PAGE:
When to file bankruptcy. Many people listen to financial people who recommend when to file bankruptcy only as a last resort. The problem with this is that many people do everything they can to avoid bankruptcy (including selling valuable assets that would otherwise be protected), only to end up bankrupt anyway.
Take for instance a friend of mine named Joe. Joe was told by his family and friends that bankruptcy was the worst option possible. That filing chapter 7 would scar his reputation and credit report for years to come. John knew that bankruptcy shouldn’t be taken lightly, and he was very prudent to study his options carefully before making a decision when to file bankruptcy.
However, even though he felt that he needed to file Chapter 7, he was too ashamed and too timid to go against his family’s advice and decided to go with some other options instead. He obtained a home equity loan to pay off some of his credit card bills. When that wasn’t enough to cover all of his debt obligations, he decided to take money from his retirement.
The sad news is that this was not enough to pay all of Joe’s financial obligations including credit card bills, medical bills, and other debts. When all was said and done, he was still bankrupt and now had no retirement funds and he sold a lot of his assets. He had also lost a significant portion of equity in his house, and his house was on the line if he cannot pay back the bank loan because he could not decide when to file bankruptcy.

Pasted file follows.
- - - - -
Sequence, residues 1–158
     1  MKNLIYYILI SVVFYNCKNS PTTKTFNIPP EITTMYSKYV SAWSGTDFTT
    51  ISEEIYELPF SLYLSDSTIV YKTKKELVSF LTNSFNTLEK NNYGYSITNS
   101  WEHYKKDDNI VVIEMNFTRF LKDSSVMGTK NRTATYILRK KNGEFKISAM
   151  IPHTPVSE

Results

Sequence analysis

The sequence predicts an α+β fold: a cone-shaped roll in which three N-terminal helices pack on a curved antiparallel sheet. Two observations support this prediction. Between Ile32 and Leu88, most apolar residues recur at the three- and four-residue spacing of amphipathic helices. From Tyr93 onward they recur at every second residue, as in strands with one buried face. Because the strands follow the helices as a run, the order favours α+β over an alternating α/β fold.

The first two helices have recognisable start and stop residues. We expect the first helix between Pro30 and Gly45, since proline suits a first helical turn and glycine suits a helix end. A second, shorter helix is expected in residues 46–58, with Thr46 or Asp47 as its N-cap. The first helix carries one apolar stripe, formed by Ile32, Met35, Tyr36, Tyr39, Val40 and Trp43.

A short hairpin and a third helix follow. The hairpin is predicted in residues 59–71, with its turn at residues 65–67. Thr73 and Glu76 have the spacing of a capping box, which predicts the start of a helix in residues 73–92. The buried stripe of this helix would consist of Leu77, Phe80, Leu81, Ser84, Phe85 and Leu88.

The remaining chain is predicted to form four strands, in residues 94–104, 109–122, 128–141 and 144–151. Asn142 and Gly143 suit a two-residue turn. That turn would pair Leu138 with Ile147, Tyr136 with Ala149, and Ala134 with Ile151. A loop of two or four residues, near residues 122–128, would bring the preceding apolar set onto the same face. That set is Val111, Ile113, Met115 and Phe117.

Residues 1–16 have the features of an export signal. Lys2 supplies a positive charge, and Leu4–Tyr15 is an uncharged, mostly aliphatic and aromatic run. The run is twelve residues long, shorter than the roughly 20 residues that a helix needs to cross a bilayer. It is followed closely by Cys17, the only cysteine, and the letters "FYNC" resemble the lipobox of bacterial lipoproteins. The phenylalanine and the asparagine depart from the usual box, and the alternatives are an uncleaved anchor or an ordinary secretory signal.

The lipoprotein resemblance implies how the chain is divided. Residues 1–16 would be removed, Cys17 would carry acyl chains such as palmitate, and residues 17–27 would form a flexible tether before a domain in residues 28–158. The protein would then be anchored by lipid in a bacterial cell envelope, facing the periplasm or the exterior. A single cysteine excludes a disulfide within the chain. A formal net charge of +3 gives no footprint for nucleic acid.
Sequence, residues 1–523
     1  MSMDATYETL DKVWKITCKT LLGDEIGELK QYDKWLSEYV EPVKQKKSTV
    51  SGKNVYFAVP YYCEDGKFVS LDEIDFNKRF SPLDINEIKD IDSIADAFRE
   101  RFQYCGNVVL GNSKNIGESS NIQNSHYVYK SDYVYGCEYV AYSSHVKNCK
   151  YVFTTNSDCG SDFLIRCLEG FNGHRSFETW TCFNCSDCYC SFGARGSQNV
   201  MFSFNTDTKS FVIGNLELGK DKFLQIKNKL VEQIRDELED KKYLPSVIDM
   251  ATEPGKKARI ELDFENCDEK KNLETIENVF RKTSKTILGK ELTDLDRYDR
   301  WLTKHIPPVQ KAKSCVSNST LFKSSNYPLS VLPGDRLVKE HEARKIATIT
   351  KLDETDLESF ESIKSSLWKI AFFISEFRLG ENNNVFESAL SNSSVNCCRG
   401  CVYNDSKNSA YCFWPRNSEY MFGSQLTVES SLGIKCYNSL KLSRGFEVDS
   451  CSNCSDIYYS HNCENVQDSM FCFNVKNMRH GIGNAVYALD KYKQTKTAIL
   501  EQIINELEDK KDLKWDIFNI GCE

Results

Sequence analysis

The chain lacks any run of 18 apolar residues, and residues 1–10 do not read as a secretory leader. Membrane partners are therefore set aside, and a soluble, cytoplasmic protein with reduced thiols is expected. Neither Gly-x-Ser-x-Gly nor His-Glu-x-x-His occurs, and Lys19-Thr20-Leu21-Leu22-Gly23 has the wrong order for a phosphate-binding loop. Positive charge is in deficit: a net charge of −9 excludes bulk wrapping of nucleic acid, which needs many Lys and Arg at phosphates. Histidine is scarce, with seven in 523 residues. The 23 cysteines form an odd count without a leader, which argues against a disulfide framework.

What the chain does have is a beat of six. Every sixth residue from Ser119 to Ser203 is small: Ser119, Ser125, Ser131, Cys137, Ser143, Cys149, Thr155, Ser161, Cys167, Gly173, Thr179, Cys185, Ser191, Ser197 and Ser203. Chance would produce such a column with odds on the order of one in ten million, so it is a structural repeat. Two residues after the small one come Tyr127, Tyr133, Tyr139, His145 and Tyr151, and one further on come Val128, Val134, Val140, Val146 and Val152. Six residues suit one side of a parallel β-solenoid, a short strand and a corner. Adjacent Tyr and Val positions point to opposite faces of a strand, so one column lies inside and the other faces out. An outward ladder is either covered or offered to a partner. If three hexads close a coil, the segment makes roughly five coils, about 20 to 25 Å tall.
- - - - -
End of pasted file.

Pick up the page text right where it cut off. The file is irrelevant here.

Although this might seem like an extreme scenario, the point is that bankruptcy should not be viewed only as a last resort. It can save some valuable assets from creditors. Your home is often protected by a homestead exemption clause in Massachusetts. Pension plans and retirement funds are usually also protected. If you would have to put at risk your valuable assets that would otherwise be exempt from liquidation, then you need to consider Chapter 7 very carefully.
Likewise, you need to ask yourself how long it would take to pay off your current bills. What kind of lifestyle you would have. If you can live a reasonable standard of living while paying off your debt in the next few years, you should at least sit down with a bankruptcy attorney and discuss your options. Call us today for a free consultation or visit our web site www.massbklaw.com
Article Source: http://EzineArticles.com/2756529